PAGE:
Now that the 10-day stint in Niigata, Japan for the five students from the Singapore Sports School is over, what next for them?
After struggling at the start, the five in Adam Swandi, Amirul Adli, Andin Addie Djayady, Muhaimin Suhaimi and Zharfan Rohaizad have adapted to the faster, more intensive pace of their Japanese peers from Albirex Niigata’s under-18 youth teams and trainees at the Japan Soccer College.
Having observed them over several training sessions, in mild, sunny conditions to blistering sub-zero temperatures in snow storms, they didn’t look out of place, and adapted very quickly.
But for the likes of 16-year-olds Adam and Amirul, they will graduate from the Singapore Sports School after this year. Albirex’s under-18 head coach Nobuhiro Ueno believes they are technically a match for most Japanese teenagers, but after this, and once they leave the Sports School, what next for them to ensure they do not lose the momentum?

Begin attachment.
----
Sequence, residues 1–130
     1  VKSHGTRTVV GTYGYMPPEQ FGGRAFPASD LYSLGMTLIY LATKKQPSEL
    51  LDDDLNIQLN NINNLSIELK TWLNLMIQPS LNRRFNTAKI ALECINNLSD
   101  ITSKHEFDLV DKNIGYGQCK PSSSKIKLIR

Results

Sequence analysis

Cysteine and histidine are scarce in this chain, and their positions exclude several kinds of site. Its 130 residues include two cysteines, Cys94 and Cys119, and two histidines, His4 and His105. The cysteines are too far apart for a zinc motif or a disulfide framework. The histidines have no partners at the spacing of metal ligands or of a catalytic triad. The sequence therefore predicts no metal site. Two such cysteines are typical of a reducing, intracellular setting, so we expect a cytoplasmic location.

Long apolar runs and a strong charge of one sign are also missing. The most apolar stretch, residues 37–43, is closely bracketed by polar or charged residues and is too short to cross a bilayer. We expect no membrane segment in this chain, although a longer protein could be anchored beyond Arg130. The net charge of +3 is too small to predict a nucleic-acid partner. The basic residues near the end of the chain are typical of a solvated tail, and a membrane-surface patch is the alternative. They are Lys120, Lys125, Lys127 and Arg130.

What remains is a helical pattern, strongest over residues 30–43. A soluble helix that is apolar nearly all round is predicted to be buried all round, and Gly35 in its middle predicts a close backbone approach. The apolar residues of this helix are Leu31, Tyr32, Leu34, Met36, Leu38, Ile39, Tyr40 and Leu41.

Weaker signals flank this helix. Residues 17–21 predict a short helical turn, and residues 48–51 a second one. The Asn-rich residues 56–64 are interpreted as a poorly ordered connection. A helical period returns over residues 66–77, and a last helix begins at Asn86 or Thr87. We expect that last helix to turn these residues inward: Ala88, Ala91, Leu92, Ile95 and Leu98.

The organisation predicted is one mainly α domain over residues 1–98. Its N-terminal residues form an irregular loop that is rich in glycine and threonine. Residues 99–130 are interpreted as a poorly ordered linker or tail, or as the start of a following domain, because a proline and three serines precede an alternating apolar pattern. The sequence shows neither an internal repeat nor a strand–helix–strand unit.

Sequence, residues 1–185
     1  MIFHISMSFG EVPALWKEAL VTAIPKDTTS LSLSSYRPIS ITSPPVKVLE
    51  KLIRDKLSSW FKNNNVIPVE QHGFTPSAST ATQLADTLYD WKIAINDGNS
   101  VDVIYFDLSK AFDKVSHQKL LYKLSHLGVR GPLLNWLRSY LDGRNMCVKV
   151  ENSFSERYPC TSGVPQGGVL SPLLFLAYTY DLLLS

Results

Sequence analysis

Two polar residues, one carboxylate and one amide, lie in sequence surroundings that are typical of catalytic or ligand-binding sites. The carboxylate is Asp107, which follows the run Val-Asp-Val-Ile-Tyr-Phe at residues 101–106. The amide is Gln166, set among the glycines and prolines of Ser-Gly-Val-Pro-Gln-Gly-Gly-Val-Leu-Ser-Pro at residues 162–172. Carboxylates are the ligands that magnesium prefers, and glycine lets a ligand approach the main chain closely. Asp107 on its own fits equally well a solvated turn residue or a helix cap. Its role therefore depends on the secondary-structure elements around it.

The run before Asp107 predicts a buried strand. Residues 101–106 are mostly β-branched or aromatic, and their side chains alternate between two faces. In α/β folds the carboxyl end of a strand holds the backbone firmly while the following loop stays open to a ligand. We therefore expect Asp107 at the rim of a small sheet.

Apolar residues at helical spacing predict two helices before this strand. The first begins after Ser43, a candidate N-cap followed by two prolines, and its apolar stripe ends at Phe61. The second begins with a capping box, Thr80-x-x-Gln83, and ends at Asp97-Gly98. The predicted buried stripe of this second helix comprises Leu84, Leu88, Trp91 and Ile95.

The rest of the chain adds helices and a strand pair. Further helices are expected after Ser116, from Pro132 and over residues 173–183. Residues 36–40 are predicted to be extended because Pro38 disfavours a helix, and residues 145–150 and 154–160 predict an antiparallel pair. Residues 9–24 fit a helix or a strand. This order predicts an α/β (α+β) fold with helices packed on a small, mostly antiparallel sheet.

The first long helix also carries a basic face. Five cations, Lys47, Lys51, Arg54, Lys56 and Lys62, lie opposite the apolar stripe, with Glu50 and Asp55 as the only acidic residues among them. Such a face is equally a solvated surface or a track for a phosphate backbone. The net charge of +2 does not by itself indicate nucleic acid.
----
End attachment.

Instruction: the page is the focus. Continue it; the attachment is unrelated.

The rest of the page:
One suggestion is for S-League clubs to be owned by large corporations, like in South Korea and Japan, so that they will be run like a business and offer attractive salaries so that parents will be more confident to allow their children to pursue being a professional footballer or sportsman and sportswoman in general as a career. Emphasis on developing local young talent must be stepped up.
Another is to have them, or any other similarly talented youngsters, come back to Japan for a longer stint of between three to six months to really see where they stand and if they have the temperament to make it in an overseas environment.
At youth level, Singapore’s sporting talent is as good as many other countries. It’s just that once they leave school and reach their late teens, they tend to drop off and do something else for a myriad of reasons, one of which is that being a professional footballer in Singapore still isn’t attractive enough to convince more to take the plunge.
So many questions, yet not enough answers.
The sports authorities, together with Government investment, are already putting plans in place to get the wheel turning. But if more big corporations begin to see the value of what athletes and sports can do for them in terms of advertising mileage, plus the confidence and willingness of parents to allow their kids to try their hand at pursuing sports as a career, that might just turn the wheels of change signficantly faster.